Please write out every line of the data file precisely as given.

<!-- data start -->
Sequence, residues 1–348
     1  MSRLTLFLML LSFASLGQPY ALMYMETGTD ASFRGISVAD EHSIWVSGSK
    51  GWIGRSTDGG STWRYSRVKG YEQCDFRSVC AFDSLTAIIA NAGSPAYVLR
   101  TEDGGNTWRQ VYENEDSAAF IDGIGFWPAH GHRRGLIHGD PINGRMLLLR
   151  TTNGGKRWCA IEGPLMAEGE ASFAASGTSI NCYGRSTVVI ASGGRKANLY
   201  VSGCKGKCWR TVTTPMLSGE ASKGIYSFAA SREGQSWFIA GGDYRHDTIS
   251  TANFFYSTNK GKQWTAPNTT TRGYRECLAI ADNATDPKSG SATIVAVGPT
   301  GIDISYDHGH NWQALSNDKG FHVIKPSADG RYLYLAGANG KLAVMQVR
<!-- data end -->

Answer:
Sequence, residues 1–348
     1  MSRLTLFLML LSFASLGQPY ALMYMETGTD ASFRGISVAD EHSIWVSGSK
    51  GWIGRSTDGG STWRYSRVKG YEQCDFRSVC AFDSLTAIIA NAGSPAYVLR
   101  TEDGGNTWRQ VYENEDSAAF IDGIGFWPAH GHRRGLIHGD PINGRMLLLR
   151  TTNGGKRWCA IEGPLMAEGE ASFAASGTSI NCYGRSTVVI ASGGRKANLY
   201  VSGCKGKCWR TVTTPMLSGE ASKGIYSFAA SREGQSWFIA GGDYRHDTIS
   251  TANFFYSTNK GKQWTAPNTT TRGYRECLAI ADNATDPKSG SATIVAVGPT
   301  GIDISYDHGH NWQALSNDKG FHVIKPSADG RYLYLAGANG KLAVMQVR